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Daily Research Geostrategic thinking

Guerra e complessità del rischio – War and complexity of risk

L’opzione nucleare è sul tavolo delle possibilità, lo sappiamo.

Come argomentiamo nella nostra ricerca, il rischio è in trasformazione. Quello nucleare è una faccia del rischio complesso.

Le ambizioni imperiali di Putin non sembrano poter escludere alcuna prospettiva. Constanze Stelzenmüller (Brookings, History reveals how to get Ukraine reconstruction right: anti-corruption) scrive: Consider (…) the recent explosions which damaged the Nord Stream gas pipelines, the cable cuts which brought trains across northern Germany to a halt, and the hacking of the computers of several U.S. airports. All three incidents were deliberate attacks involving elaborate preparation and highly specialised technological expertise. These are signs that point to Russia as the probable perpetrator. Sabotage (…)  offers a far better benefit-to-cost ratio than nuclear weapons. Attacks on physical and digital infrastructure are hard to prevent and even harder to attribute. They undermine confidence in government and exploit the fissures and vulnerabilities of Western societies. They permit an adversary to elude retribution and play for time. Expect more such incidents, perhaps many more.

L’attenzione va posta sulla complessità del rischio. L’uso di armi nucleari è certamente più articolato dell’attacco alle infrastrutture critiche. Guardando a ciò che è accaduto, e che potrebbe accadere, la ‘guerra ibrida’, che speriamo non diventi una ‘guerra senza limiti’, nel XXI secolo genera rischi concomitanti. La paura, la tensione e il disagio prolungati sono un’arma straordinaria per tenere i governi antagonisti, e le loro opinioni pubbliche, in una condizione sospesa.

Il nostro augurio è che, in tempi accettabili, la guerra in Europa raggiunga almeno un cessate il fuoco. Il che non significa, se il rischio più probabile è quello della destabilizzazione (fisica e digitale) delle infrastrutture critiche, che cessino i possibili imprevisti. All’incertezza del rischio si può rispondere efficacemente con la creatività del negoziato diplomatico e della visione politica: urge, pertanto, ripensare una nuova architettura di sicurezza euroasiatica.

English version

The nuclear option is on the table of possibilities, we know that.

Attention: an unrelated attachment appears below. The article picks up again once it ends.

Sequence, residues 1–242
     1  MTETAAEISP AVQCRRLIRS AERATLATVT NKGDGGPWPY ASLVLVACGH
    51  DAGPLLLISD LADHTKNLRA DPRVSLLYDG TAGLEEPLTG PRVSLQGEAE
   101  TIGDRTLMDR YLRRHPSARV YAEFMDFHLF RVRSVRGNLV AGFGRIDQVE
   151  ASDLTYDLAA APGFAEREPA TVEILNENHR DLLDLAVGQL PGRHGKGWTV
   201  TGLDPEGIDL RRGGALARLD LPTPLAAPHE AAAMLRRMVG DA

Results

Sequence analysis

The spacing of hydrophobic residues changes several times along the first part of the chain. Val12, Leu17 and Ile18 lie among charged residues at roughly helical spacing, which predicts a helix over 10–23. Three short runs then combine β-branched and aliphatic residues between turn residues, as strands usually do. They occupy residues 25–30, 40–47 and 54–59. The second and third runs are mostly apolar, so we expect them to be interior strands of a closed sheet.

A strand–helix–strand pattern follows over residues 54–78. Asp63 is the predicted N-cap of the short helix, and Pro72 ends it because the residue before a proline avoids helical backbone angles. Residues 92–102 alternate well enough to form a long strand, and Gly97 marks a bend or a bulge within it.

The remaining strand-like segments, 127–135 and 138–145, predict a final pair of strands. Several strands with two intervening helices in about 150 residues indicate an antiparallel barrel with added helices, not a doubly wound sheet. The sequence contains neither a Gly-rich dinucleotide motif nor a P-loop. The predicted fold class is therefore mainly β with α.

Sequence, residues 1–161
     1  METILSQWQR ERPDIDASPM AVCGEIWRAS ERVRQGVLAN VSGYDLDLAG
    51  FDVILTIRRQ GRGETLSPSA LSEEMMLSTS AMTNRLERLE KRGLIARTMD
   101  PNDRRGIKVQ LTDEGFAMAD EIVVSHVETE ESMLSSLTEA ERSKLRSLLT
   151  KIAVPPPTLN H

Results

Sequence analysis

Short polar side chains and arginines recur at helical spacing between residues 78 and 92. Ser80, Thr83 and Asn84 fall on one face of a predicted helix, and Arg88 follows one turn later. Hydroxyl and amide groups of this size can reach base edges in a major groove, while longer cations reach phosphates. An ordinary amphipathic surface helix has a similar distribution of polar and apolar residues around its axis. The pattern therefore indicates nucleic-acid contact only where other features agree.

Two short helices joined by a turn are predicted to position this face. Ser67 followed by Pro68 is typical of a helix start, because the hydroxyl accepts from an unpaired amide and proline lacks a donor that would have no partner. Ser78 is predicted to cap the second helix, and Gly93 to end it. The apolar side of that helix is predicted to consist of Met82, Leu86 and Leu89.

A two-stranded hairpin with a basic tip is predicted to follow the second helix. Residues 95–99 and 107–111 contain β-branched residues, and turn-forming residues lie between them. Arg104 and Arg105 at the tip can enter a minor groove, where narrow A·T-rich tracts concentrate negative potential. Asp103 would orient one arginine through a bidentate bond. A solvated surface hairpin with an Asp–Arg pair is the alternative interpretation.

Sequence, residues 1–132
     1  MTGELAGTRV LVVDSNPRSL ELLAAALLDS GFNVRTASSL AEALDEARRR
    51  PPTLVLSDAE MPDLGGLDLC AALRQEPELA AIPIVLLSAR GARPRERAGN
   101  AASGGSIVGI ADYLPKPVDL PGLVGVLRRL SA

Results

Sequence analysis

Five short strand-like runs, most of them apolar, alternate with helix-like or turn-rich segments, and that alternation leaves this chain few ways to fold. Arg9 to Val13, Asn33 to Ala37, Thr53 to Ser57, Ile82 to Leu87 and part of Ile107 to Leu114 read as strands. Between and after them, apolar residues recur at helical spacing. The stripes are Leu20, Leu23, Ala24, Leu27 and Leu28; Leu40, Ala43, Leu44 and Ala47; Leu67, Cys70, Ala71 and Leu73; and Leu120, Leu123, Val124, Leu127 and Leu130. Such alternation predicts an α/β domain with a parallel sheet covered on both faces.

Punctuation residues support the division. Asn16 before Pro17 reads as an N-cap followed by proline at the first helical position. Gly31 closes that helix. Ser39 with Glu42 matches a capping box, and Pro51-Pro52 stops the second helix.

As we argue in our research, the risk is changing. Nuclear is one face of complex risk.

Putin’s imperial ambitions do not seem to be able to rule out any prospect. Constanze Stelzenmüller (Brookings, History reveals how to get Ukraine reconstruction right: anti-corruption) writes: Consider (…) the recent explosions which damaged the Nord Stream gas pipelines, the cable cuts which brought trains across northern Germany to a halt, and the hacking of the computers of several U.S. airports. All three incidents were deliberate attacks involving elaborate preparation and highly specialised technological expertise. These are signs that point to Russia as the probable perpetrator. Sabotage (…)  offers a far better benefit-to-cost ratio than nuclear weapons. Attacks on physical and digital infrastructure are hard to prevent and even harder to attribute. They undermine confidence in government and exploit the fissures and vulnerabilities of Western societies. They permit an adversary to elude retribution and play for time. Expect more such incidents, perhaps many more.

The focus must be on the complexity of risk. The use of nuclear weapons is certainly more difficult than the attack on critical infrastructure. Looking at what has happened, and what could happen, the ‘hybrid war’, which hopefully will not become a ‘war without limits’, in the 21st century generates concomitant risks. Prolonged fear, tension and unease are an extraordinary weapon to keep antagonistic governments, and their public opinions, in a suspended state.

Our hope is that, within an acceptable timeframe, the war in Europe will at least reach a ceasefire. Which does not mean, if the most probable risk is that of destabilisation (physical and digital) of critical infrastructures, that possible unforeseen events will cease to exist. The uncertainty of risk can be effectively responded to with the creativity of diplomatic negotiation and political vision: it is therefore urgent to rethink a new Eurasian security architecture.